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Cognitive Behavioural Therapy for Social Phobia in People With Bipolar Disorder

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ClinicalTrials.gov Identifier: NCT01736631
Recruitment Status : Recruiting
First Posted : November 29, 2012
Last Update Posted : June 21, 2017
Sponsor:
Information provided by (Responsible Party):
Barbara Pavlova, Nova Scotia Health Authority

November 27, 2012
November 29, 2012
June 21, 2017
March 2013
January 2019   (Final data collection date for primary outcome measure)
  • Acceptability of cognitive behavioural therapy for comorbid social phobia in bipolar disorder [ Time Frame: up to end of treatment (20 weeks) ]
    Acceptability of cognitive behavioural therapy for comorbid social phobia in bipolar disorder will be assessed as proportion of offered sessions attended
  • Change on the Social Phobia Inventory (SPIN) [ Time Frame: Baseline and end of treatment (20 weeks) ]
Same as current
Complete list of historical versions of study NCT01736631 on ClinicalTrials.gov Archive Site
  • Change on the Liebowitz Social Anxiety Scale Scale Self-Report; Social Phobia Scale & Social Interaction Anxiety Scale; Social Phobia and Anxiety Inventory [ Time Frame: Baseline and end of treatment (20 weeks) ]
  • Presence/absence of the social phobia diagnosis [ Time Frame: Baseline and end of treatment (20 weeks) ]
    Presence/absence of the social phobia diagnosis as established by Structured Clinical Interview for DSM Disorders
  • Depression symptom change [ Time Frame: Baseline and end of treatment (20 weeks) ]
    Depression symptom change as established by the Montgomery-Åsberg Depression Rating Scale and Beck Depression Inventory II
  • Mania symptom change [ Time Frame: Baseline and end of treatment (20 weeks) ]
    Change in symptoms of mania as established by the Young Mania Rating Scale
Same as current
Not Provided
Not Provided
 
Cognitive Behavioural Therapy for Social Phobia in People With Bipolar Disorder
Cognitive Behavioural Therapy for Social Phobia in People With Bipolar Disorder: A Pilot Study
We are doing this study to find out how well cognitive behavioural therapy for social phobia works in people with bipolar disorder, who also have social phobia.
Social phobia is a very prevalent anxiety disorder in people with bipolar disorder and is associated with adverse outcomes. Yet, social phobia is treatable by cognitive behavioural therapy or antidepressant medication. As antidepressants are often contra-indicated in people with bipolar disorder, cognitive behavioural therapy is the likely first choice treatment for social phobia in this population. However, people with bipolar disorder were excluded from previous clinical trials on treatment of social phobia. Our aim is to evaluate the acceptability and to provide a rough estimate of efficacy of cognitive behavioural therapy protocol for social phobia in people with bipolar disorder in a systematic case series. We will also prepare pilot data for evaluating the impact of treatment of comorbid social phobia on the long-term course of bipolar disorder.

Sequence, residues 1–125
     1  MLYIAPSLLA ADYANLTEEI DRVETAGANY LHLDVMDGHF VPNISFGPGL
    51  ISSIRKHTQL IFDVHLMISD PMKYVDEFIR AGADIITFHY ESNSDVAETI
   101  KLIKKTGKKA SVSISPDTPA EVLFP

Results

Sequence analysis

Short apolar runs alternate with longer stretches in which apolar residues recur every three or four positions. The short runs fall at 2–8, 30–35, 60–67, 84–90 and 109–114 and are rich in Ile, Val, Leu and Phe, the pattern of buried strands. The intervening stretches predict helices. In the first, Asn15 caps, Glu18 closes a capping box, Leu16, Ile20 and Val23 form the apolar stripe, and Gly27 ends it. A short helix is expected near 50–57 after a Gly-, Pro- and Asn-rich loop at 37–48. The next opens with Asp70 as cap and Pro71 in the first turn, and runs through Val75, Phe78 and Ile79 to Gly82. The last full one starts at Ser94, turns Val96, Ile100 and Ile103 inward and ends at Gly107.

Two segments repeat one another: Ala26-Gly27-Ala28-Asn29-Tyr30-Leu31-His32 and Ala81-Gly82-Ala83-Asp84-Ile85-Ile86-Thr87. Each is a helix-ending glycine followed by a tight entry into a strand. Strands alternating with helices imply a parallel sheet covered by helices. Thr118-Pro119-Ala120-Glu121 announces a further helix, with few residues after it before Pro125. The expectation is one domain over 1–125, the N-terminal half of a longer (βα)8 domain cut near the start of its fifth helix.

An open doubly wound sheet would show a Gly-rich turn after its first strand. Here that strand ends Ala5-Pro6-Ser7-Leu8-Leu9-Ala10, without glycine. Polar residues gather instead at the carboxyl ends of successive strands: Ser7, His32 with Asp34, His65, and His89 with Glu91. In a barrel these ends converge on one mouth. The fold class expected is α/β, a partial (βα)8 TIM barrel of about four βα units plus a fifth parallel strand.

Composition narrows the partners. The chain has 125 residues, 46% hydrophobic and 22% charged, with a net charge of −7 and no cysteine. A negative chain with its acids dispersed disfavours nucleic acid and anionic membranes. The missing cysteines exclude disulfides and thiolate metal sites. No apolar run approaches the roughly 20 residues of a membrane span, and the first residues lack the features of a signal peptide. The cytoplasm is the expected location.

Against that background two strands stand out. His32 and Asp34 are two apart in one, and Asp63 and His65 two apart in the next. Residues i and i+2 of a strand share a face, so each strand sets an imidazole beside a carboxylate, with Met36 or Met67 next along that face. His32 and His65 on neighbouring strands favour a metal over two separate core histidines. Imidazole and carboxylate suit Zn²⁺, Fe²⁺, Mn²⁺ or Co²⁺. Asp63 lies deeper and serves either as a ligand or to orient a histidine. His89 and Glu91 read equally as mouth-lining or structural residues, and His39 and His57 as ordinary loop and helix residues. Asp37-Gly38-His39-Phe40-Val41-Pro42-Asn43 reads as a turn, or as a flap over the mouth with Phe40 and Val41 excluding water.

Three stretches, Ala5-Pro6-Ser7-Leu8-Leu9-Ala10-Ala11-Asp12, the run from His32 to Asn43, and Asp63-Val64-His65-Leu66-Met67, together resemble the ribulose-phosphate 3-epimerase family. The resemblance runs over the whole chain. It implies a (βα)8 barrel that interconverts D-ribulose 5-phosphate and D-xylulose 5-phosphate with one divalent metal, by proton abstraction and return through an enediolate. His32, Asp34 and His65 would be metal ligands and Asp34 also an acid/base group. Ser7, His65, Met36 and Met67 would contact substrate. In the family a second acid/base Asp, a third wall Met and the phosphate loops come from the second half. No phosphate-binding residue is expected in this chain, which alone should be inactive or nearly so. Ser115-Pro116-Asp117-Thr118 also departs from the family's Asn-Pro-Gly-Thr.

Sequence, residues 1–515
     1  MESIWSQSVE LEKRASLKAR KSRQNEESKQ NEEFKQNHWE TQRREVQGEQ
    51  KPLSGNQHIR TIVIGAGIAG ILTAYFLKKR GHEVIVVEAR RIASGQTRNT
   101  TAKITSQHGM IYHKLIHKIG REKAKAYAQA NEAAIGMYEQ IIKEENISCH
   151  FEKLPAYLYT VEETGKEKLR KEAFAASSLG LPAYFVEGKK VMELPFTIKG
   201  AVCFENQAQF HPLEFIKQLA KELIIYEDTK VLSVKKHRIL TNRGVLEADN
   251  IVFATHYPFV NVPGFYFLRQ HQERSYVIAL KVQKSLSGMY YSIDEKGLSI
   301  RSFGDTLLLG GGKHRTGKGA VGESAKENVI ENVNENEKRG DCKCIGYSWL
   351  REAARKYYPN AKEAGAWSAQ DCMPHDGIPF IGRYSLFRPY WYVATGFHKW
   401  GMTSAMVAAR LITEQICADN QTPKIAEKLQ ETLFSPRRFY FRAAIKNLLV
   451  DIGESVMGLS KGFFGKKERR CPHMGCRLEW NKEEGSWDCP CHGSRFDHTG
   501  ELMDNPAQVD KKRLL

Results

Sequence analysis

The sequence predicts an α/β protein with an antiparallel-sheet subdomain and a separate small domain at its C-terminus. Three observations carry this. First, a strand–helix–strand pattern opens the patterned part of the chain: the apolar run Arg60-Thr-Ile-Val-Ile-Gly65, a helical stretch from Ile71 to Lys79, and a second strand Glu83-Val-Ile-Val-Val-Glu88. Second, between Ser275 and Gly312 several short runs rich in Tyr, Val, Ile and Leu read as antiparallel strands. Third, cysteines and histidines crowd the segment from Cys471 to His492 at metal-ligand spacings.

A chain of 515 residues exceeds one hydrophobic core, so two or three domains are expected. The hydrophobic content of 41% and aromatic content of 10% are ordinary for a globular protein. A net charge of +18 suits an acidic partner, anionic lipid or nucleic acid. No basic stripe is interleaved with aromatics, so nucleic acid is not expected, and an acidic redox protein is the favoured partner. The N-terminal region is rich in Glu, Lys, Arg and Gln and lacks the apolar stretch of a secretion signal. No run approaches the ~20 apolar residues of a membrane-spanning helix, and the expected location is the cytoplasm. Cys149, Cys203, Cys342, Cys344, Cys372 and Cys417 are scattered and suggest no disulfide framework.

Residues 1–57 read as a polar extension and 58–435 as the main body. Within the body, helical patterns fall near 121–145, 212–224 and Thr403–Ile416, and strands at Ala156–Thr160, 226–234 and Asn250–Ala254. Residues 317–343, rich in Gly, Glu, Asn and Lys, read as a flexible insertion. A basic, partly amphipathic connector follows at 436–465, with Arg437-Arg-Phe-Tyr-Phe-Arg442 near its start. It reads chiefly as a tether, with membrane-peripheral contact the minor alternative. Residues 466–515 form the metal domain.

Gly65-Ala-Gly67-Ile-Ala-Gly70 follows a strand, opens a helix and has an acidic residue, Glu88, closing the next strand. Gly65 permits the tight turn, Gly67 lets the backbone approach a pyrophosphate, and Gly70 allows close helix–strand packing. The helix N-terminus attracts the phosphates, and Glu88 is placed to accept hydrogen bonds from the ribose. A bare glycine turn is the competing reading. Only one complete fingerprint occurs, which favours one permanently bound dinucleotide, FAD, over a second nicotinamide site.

Interventional
Not Applicable
Intervention Model: Single Group Assignment
Masking: None (Open Label)
Primary Purpose: Treatment
  • Social Phobia
  • Bipolar Disorder
Behavioral: Cognitive behavioural therapy (CBT)
The CBT intervention will follow the model of social phobia by Clark & Wells (Clark & Wells, 1995; Clark, 2005). The main elements of CBT for social phobia include reducing self-focus, dropping safety behaviours, and testing negative cognitions.
Experimental: Cognitive behavioural therapy
Cognitive behavioural therapy for social phobia in people with bipolar disorder
Intervention: Behavioral: Cognitive behavioural therapy (CBT)
Not Provided

*   Includes publications given by the data provider as well as publications identified by ClinicalTrials.gov Identifier (NCT Number) in Medline.
 
Recruiting
20
Same as current
January 2019
January 2019   (Final data collection date for primary outcome measure)

Inclusion Criteria:

  • A diagnosis of bipolar disorder I or II according to DSM-IV criteria and established in a structured interview
  • Bipolar disorder in remission for at least 12 weeks; defined as absence of depressive or manic episode according to DSM-IV criteria established in a structured interview and confirmed by Montgomery-Åsberg Depression Rating Scale score ≤ 12 and Young Mania Rating Scale score ≤ 7
  • Stable medication regime for at least 4 weeks prior to commencing CBT
  • Current diagnosis of social phobia according to DSM-IV criteria and established in a structured interview, including duration of social phobia of at least 6 months irrespective of age.
  • Social phobia is one of the primary complains (when bipolar disorder is in remission), justifying a therapeutic focus on this disorder.
  • Ability and willingness to consent to treatment
  • Ability to speak and write English

Exclusion Criteria:

  • Current substance use disorder
  • A previous adequate course of CBT for social phobia (at least 8 sessions) delivered by a trained therapist
  • Currently receiving any psychological therapy
  • Cognitive impairment that would preclude psychological therapy
  • Actively suicidal
Sexes Eligible for Study: All
18 Years and older   (Adult, Older Adult)
No
Contact: Barbara Pavlova, PhD DClinPsy (902) 473-2585
Canada
 
 
NCT01736631
CBTSPBD-001
No
Not Provided
Not Provided
Barbara Pavlova, Nova Scotia Health Authority
Nova Scotia Health Authority
Not Provided
Principal Investigator: Barbara Pavlova, PhD DClinPsy Capital Health, Canada
Nova Scotia Health Authority
June 2017

ICMJE     Data element required by the International Committee of Medical Journal Editors and the World Health Organization ICTRP